This is one thing that I kind of like, just, I realized recently, actually, is now that lots of places which are taking on, for example, in Germany, right. We see a load of heat pumps being rolled out, especially, I believe you're seeing this in France and Belgium.

And these are places where we don't normally have aircon, right? And if you're listening in a place which uses aircon, the idea that like we've never really used aircon is kind of mind blowing. And now there's going to be a bunch of us with heaters, which can also cool things down. And like, like you mentioned, there will be a whole load of new energy being used because this is the only way that you can provide heat or cooling without actually having to burn fossil fuels.

So we are going to seeing a bunch of this. All right. We've totally gone down a bit of 

Rachel Tipton: Yeah. Gone down a deep rabbit hole that we don't have time to elaborate,

Chris Adams: So I'm going to park that, but I'll share a couple of links. So we're just coming up to time and I just wanted to provide a bit of space to let you talk about like what, what's catching your eye that you would like to draw people's attention to.

So normally we talk about open source projects or maybe a magazine or a video or anything like that. Yeah. If there's anything that you would point people to who might have found this conversation interesting, what would you like direct people's attention to? Because yeah, now's your time, basically.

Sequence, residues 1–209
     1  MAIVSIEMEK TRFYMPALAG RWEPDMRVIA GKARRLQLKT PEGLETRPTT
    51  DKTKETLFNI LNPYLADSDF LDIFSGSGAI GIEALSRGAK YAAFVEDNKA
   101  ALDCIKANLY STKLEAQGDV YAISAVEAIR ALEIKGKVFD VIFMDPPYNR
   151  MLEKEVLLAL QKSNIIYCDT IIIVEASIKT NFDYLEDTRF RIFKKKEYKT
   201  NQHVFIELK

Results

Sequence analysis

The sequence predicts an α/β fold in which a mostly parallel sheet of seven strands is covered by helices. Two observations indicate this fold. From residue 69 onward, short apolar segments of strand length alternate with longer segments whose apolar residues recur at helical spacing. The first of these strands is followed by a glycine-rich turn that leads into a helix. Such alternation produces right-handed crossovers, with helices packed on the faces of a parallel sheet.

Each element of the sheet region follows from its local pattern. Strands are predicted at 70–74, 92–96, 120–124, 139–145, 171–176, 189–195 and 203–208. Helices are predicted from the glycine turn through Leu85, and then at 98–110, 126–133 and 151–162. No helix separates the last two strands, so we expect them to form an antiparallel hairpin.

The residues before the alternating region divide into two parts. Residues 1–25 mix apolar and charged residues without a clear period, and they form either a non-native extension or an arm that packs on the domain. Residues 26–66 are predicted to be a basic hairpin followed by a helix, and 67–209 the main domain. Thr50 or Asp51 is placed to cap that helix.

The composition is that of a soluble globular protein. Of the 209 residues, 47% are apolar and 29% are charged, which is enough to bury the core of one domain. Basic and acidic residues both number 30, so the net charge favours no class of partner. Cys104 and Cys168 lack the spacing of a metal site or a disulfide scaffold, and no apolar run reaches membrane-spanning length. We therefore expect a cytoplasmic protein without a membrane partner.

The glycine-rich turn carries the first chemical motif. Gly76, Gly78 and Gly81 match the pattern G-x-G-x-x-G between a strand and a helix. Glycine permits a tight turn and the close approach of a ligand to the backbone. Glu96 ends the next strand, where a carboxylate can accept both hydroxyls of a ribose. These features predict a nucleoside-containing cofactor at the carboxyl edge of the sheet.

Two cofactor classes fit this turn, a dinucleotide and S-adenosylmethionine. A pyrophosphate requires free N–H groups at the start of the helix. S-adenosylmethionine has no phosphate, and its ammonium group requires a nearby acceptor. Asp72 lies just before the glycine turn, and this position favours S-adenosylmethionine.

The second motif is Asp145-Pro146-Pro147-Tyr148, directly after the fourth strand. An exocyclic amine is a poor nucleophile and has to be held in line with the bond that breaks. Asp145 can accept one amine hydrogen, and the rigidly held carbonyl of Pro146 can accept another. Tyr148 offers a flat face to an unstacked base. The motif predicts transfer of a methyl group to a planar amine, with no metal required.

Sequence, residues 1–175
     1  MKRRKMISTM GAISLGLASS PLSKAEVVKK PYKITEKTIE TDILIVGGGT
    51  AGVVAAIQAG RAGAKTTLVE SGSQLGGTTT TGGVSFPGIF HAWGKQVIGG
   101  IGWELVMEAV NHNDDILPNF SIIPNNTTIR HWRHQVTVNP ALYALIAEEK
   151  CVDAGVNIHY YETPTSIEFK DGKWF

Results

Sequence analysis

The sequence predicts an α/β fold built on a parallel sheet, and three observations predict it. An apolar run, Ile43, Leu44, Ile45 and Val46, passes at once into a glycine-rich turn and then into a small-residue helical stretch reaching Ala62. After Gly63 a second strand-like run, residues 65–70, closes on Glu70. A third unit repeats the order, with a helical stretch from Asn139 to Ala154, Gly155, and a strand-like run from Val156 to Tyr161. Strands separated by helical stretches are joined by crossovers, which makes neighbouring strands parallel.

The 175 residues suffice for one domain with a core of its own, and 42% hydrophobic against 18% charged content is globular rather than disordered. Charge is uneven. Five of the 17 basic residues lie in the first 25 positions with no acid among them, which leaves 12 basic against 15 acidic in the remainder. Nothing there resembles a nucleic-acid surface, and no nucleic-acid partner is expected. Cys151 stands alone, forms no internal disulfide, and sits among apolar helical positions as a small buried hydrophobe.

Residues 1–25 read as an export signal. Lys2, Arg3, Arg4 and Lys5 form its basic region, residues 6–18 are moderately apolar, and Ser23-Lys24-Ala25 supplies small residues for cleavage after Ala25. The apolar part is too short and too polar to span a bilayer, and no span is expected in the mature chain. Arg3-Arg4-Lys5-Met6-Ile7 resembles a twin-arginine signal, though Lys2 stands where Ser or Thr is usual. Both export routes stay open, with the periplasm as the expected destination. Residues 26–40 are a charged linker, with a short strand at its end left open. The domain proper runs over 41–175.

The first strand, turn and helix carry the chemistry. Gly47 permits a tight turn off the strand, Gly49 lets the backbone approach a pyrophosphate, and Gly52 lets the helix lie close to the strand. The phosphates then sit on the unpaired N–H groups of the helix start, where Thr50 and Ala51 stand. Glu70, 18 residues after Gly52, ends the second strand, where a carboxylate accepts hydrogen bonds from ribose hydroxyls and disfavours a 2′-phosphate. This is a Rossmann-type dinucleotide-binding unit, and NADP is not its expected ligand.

Rachel Tipton: So off the back of this particular conversation, there's a book called Real Decarbonization by Tisha Schuller, and it talks about how the energy transition is going to involve oil companies, Shell, BP, these large entities. And I feel like if people are involved in the energy transition, it's a really useful book to read, even though you might not agree with everything that she's saying and everything that she's talking about. One of the, the projects that has caught my attention lately, that's more, it's my artistic side. It came from an article in the MIT technology review called recapturing the whimsy of the early internet. And it's a movement called the HTML energy movement. I don't know if you've talked about it before on...

Chris Adams: Never heard of this. Wow.

Rachel Tipton: Yeah. So it's people who are making these HTML energy sites and they say, basically, they're celebrating the rudimentary character of HTML as a language, which I know a lot of people don't necessarily consider HTML to be a programming language, but they are pitching themselves as hidden gardens on the internet.